Good Morning,

I am new to ArcMap and have been trying to work through a problem-

I would like to display the relationship between points based on distance, speed travelled and time.

So- If I have one location that requires 6 minutes to start and travels at 125 knots and two others require 12 minutes to get started and travel 132 knots, how does that affect coverage? I am trying to adjust the thiessen polygon to account for these costs rather than just display the exact midpoint of the three related points. In theory the one polygon should be a slightly different size/push than the other two?

Any help would be GREAT!

1 knot = 1 nautical mile per hour = 6076 feet per hour

I am new to ArcMap and have been trying to work through a problem-

I would like to display the relationship between points based on distance, speed travelled and time.

So- If I have one location that requires 6 minutes to start and travels at 125 knots and two others require 12 minutes to get started and travel 132 knots, how does that affect coverage? I am trying to adjust the thiessen polygon to account for these costs rather than just display the exact midpoint of the three related points. In theory the one polygon should be a slightly different size/push than the other two?

Any help would be GREAT!

1 knot = 1 nautical mile per hour = 6076 feet per hour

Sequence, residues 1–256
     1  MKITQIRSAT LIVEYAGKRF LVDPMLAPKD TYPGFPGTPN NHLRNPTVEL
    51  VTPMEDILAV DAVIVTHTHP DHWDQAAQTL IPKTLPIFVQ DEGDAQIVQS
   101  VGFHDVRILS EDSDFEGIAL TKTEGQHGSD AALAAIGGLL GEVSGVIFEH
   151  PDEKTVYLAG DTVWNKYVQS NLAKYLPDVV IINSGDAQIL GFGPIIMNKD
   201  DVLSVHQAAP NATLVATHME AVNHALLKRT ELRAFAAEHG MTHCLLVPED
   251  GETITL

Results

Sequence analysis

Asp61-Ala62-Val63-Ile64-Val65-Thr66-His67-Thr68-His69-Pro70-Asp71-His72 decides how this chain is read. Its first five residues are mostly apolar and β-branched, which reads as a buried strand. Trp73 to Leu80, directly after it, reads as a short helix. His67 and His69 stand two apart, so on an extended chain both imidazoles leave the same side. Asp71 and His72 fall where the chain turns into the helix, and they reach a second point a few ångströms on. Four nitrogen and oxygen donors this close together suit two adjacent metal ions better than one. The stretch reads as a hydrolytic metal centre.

First things first, you want to be using a projection that reasonably preserves distance and direction over your study area. UTM is a nice simple choice if your study area is less than 1000 km wide.

Seems to me the easiest approach would be develop some sort of time of travel surface for each vessel using Spatial Analyst, and then do raster analysis of the surfaces.

For example a surface of time of travel to each cell from a point would be:

time = distance / speed

If you used the Euclidean distance tool to get the distance, divided by speed to get time, and added your startup time, you'd have a raster where each cell has the time required to get there from the vessel location. Do this analysis for your study area extent for all three vessels, and you'll have three time of travel rasters.

Here's a Map Algebra expression for that:

At that point you can do more analysis, for example, use the Cell Statistics tool to create a minimum time raster with a hours value for each cell in your study area. This doesn't tell you which one - just what the shortest time of travel is.

This is where it gets even more fun - you can find which vessel was the nearest (minimum time) with a Map Algebra expression like this:

Note these Spatial Analyst tools can be used through their tool interface, from the Python window, ModelBuilder, or the Raster Calculator tool. These are exactly the same tools, just accessed differently.

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